Is a kit home a mobile home? Is it a pile of parts?
On the whole, there are just fewer comparisons out there for lenders to be able to use as comps, and in a risk-averse industry like lending and finance, anything that seems different can be an uphill battle.
Thankfully, there are some options. Several manufacturers have created flexible payment terms for customers purchasing directly from them. There are also some lenders that can issue loans for a kit home–construction loans, mobile/modular home loans, etc.
Limited Customizations Available
It probably goes without saying, but many of the advantages of a kit home can also be considered disadvantages. Customizations are one. In order for a manufacturer to reap the benefits of a well-thought out home design and the economies of scale, you can’t “reinvent the wheel” each time.
Kit homes aren’t intended to be wildly modified from their original design. While most manufacturers do allow for some modifications, there are fees associated with this (either on an hourly or per square foot basis), and in some cases, it’s just not possible. Speak with your manufacturer early to communicate the changes that are important to you, and be realistic about the fees or limitations that you may end up with.
In Some Cases, They’re Not Actually That Much Cheaper
This leads us to our final consideration, which is, that in some cases, building a kit home may not actually end up being cheaper than a traditionally built home. For as much as we all want the cost-savings to be significant, in some cases, it won’t end up that way.
Design choices, materials used, the amount of site prep involved (grading and dirt work, foundation, delivering utilities, etc), as well as any unforeseen issues that arise, may ultimately render your kit or prefab home more expensive than its traditional counterpart.
The biggest recommendation here is to be crystal clear about what is included in your kit home package:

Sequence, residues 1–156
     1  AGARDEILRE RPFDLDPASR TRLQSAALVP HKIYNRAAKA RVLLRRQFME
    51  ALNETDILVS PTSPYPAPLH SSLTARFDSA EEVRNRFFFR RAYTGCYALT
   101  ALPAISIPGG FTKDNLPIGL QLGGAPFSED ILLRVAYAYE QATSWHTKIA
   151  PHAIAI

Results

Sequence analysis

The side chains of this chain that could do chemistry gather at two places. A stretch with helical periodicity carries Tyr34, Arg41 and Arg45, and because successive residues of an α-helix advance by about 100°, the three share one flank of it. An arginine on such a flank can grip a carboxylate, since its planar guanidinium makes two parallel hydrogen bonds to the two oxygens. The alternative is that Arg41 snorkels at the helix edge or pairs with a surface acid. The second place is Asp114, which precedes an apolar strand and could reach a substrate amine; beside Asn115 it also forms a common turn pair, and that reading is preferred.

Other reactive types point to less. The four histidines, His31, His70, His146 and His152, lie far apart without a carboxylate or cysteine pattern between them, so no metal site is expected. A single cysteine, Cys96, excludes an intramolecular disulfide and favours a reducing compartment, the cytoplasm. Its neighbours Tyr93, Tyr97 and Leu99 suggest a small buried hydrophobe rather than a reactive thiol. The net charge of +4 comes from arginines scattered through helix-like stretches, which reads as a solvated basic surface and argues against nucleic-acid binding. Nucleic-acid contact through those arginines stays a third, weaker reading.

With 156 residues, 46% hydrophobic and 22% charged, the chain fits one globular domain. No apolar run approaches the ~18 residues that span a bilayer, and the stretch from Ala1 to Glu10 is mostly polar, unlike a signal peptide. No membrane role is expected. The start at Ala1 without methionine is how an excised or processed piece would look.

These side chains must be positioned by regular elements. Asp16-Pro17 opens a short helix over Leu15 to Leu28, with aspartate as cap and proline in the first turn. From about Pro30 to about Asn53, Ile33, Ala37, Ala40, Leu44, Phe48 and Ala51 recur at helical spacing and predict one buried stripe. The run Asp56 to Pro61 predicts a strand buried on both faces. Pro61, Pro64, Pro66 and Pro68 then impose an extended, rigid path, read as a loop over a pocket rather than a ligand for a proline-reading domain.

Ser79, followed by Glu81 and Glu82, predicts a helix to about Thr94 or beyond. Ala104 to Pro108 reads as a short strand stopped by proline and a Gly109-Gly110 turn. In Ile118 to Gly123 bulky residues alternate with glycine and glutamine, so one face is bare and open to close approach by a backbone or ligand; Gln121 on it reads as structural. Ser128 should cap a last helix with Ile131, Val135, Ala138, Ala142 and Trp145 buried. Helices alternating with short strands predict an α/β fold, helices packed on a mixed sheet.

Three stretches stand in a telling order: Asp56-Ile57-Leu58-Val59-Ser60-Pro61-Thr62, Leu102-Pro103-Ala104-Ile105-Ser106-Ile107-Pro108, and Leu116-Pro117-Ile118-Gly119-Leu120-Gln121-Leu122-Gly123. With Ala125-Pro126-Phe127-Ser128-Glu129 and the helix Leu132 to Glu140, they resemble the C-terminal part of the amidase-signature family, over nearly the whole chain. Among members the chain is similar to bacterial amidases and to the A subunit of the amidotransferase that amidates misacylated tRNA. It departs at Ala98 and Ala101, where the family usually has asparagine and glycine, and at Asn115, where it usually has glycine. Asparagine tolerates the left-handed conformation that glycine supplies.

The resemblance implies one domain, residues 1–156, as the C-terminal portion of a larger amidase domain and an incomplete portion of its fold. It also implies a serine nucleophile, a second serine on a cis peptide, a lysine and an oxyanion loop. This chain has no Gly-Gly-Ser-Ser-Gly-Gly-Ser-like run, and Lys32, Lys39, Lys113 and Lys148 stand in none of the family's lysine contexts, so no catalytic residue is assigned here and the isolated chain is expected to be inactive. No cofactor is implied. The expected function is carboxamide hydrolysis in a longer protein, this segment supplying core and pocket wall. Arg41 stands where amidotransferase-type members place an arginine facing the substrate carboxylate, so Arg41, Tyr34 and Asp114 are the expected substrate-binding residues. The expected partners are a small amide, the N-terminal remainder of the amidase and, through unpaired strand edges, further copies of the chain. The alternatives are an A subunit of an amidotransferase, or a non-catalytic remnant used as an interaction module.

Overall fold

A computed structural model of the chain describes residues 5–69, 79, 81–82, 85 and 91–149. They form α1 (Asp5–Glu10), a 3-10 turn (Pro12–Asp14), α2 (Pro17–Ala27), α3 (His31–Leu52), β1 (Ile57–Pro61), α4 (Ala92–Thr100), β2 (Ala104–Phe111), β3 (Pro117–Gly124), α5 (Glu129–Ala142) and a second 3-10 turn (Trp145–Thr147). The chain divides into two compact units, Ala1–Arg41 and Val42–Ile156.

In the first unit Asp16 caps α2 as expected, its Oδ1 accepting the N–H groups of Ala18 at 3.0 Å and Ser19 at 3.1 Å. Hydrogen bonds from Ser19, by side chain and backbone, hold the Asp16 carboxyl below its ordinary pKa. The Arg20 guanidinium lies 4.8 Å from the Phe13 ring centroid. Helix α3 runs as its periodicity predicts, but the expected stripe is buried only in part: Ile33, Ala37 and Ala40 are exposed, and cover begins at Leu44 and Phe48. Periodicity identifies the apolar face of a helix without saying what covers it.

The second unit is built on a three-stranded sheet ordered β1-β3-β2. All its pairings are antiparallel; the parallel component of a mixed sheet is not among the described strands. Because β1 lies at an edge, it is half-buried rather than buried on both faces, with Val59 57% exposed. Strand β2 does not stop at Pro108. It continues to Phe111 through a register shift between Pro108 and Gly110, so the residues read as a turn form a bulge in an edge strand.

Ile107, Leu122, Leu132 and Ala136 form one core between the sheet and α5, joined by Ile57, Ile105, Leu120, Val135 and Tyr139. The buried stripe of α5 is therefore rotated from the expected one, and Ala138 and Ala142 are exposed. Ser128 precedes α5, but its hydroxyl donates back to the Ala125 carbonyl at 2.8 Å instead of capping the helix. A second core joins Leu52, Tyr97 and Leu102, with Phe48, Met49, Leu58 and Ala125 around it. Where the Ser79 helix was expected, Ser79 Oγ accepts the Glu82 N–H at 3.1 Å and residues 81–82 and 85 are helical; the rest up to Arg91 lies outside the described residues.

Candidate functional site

- Who is building/assembling their home, and how much are they not doing?
- What are the delivery/transportation fees of your home?
- How many of the interior finishes will be included? (Doors, cabinetry, etc)
- Who is performing electrical, plumbing and HVAC?
What Are the Components of Kit Houses?
So, what are the individual milestones and components you can expect to address when building a kit home? Although every manufacturer’s systems and processes vary, in general, you can expect:
- Design: Finalize the home design you are interested in, as well as any customizations that you are requesting.
- Land: Although this typically happens outside of the manufacturer, it is obviously a significant component that needs to be firmed up well before you build. Are there any legal restrictions against building the type of home you are wanting to? Be sure to check council and state restrictions
- Timelines: According to the design, customizations, and materials lead times, the manufacturer should be able to give you at least a rough schedule of when to expect things to happen.
- Financing: How will you pay for and purchase your home? Are you hoping to do this through a conventional lender? Make payments directly to the kit home manufacturer?
- Permitting: One of the advantages of building a kit home is that frequently the manufacturer will already have designs and drawings that have been previously approved by other councils. This should make getting a permit easier, but it is usually still the homeowner responsibility (if you have a builder helping you with your kit home, sometimes they handle this aspect).
- Prep work: It is your responsibility to make sure there is adequate driveway and road access to the build site, develop the foundation, and arrange to have water and utilities brought to the site.
- Delivery/Construction: The final piece of your kit home is the actual delivery and assembly. This could look different depending on what kind of home you have opted for. If your kit home is actually more of a modular prefab, than it may arrive to your home site already mostly built. On the other hand, if it is a true “kit”, it will likely involve a much more ground-up building process.